I actually think the first parts of the book is the best – when Catherine leaves her home and family to travel to Russia to marry a young man she hasn’t seen. Adopting a country that she has never been to, a religion that is foreign to her and also a language that is far beyond what she is used to.

Catherine, and the ups and downs of her life at court, have been, in my opinion, well portrayed by Massie. If you haven’t read it yet, do.

Advent calendar: Seriously delish

The twee title aside – I just finished leafing through Seriously Delish, and think it may be one of my favourite cookbooks of the year in terms of entertainment value, and interesting recipes.

It can get a bit too chatty at times, but as I leafed through the version bookmarking about every other recipe (Must try this, must try that. Ohh, when I have time for Christmas cooking. Maybe New Year’s eve.)

What I liked was the experimentation involved in the recipes making it fun to read.

Advent calendar: Icons of England

Icons of England

I am an anglophile. I studied in Newcastle Upon Tyne, albeit only for a semester. During that semester, (as well as both before and after it) I travelled around a bit in the UK.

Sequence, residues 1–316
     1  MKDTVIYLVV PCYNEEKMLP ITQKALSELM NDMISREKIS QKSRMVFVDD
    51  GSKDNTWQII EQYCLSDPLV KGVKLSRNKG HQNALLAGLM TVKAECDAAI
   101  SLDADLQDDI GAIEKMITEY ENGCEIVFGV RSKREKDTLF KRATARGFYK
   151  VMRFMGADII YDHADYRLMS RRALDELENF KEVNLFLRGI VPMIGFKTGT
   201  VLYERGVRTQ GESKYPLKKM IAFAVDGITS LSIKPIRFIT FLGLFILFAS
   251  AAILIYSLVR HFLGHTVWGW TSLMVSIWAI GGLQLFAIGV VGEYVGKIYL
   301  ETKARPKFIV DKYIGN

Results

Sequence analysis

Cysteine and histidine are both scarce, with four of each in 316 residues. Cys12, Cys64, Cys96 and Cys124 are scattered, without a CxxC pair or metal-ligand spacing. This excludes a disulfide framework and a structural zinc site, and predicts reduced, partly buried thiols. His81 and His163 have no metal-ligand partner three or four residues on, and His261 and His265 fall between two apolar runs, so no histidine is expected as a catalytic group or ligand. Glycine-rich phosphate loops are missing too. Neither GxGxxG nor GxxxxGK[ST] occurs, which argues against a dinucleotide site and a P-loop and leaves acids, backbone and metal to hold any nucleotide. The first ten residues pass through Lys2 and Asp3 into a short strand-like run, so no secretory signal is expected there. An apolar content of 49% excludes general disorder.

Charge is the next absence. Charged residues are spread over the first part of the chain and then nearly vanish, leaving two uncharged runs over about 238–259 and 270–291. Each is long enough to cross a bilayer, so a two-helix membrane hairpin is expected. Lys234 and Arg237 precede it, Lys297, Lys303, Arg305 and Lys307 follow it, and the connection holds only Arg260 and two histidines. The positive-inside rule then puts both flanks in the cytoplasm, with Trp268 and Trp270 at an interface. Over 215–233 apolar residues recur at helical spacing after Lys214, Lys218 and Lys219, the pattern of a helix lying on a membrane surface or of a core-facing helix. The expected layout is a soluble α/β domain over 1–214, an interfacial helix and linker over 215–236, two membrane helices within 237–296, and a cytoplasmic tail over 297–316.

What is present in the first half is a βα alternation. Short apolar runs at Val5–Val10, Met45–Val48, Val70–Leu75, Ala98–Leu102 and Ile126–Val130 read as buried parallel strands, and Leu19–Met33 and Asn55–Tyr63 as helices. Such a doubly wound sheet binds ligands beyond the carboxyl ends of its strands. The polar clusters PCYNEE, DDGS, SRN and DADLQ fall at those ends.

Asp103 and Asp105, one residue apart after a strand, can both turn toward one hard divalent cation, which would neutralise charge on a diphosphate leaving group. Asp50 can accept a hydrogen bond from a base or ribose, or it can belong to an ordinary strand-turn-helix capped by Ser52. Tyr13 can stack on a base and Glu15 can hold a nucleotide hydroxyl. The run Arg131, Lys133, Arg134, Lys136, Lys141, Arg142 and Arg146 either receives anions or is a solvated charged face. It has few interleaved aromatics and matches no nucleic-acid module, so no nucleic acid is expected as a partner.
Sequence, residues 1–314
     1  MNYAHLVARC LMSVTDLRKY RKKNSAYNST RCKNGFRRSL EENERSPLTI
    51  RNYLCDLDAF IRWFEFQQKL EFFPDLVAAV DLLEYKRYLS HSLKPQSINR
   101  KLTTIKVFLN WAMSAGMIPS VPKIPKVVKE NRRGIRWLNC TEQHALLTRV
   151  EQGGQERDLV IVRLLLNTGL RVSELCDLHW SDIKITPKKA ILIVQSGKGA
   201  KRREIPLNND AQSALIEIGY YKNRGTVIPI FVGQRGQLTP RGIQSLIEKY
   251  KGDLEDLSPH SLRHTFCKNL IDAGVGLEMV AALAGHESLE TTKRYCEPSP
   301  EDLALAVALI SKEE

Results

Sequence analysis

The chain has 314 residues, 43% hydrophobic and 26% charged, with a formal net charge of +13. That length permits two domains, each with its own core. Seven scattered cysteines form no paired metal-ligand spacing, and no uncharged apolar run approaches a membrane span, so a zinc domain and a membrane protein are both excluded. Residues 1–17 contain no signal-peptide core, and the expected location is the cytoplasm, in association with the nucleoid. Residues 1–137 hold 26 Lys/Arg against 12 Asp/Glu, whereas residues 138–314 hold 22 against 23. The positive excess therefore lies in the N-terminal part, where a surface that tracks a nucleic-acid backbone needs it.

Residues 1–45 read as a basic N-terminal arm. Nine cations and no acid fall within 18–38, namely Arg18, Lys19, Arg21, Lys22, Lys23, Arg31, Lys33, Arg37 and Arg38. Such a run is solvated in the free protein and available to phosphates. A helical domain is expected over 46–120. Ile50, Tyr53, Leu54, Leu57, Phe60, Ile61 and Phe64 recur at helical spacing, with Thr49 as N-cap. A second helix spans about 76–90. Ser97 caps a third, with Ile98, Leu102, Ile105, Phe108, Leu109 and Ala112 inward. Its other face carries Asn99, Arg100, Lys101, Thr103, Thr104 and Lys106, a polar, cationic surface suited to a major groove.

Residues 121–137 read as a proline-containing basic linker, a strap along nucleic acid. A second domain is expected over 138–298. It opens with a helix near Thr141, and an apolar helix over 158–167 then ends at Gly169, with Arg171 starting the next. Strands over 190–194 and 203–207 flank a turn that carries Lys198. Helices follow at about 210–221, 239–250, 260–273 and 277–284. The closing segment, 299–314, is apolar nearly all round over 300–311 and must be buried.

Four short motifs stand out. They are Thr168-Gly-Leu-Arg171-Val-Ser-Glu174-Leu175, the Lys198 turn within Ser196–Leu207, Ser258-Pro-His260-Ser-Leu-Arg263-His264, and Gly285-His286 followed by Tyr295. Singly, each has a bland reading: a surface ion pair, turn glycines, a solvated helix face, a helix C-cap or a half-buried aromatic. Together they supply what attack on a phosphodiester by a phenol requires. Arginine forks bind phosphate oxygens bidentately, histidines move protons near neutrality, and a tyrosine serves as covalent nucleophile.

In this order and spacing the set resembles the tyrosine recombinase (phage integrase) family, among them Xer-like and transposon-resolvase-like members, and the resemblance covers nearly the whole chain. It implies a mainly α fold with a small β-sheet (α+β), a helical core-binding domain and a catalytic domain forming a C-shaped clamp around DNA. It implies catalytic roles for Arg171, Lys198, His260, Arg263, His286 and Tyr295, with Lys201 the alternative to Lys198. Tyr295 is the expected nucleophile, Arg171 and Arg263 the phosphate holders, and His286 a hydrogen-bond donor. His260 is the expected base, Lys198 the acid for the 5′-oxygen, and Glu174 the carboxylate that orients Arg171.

Another admission: I love Bill Bryson’s writing. Sadly, although this was edited by him, he is not the author of it. (Just as the Prince of Wales wrote the foreword, but didn’t write the whole thing.)

Reading through this is like watching a quintessential English show or movie taking place in the countryside. Heartbeat. (Which my Mum has been addicted to,) or Hot Fuzz. (Before the shootings.)


Advent calendar: Dear girls above me

Day 4 – and I’m bringing out a quick and easy and fun read I did this year. I like the quirky stories. The fun stories. And this is that.

Dear Girls above me is the story of the Twitter feed, where two girls move into the apartment above the author. He discovers that the soundproofing between the apartments is non-existent, and starts to share the stories on Twitter.

It’s the type of book that makes you grateful for your own space. But if you’ve ever lived in dorms or any place with paper thin walls, you can recognise it. (My downstairs neighbour liked to play jazz at the same time as the neighbour to the side of me played hip-hop… and this was a place with concrete walls.)